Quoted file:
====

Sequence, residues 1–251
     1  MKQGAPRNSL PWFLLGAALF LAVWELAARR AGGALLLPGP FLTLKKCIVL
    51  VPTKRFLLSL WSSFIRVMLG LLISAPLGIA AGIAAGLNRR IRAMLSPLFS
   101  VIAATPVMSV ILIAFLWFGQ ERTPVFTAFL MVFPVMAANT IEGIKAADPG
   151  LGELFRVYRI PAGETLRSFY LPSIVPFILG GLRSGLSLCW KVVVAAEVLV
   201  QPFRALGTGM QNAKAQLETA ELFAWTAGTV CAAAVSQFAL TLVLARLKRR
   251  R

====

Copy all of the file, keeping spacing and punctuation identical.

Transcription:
Sequence, residues 1–251
     1  MKQGAPRNSL PWFLLGAALF LAVWELAARR AGGALLLPGP FLTLKKCIVL
    51  VPTKRFLLSL WSSFIRVMLG LLISAPLGIA AGIAAGLNRR IRAMLSPLFS
   101  VIAATPVMSV ILIAFLWFGQ ERTPVFTAFL MVFPVMAANT IEGIKAADPG
   151  LGELFRVYRI PAGETLRSFY LPSIVPFILG GLRSGLSLCW KVVVAAEVLV
   201  QPFRALGTGM QNAKAQLETA ELFAWTAGTV CAAAVSQFAL TLVLARLKRR
   251  R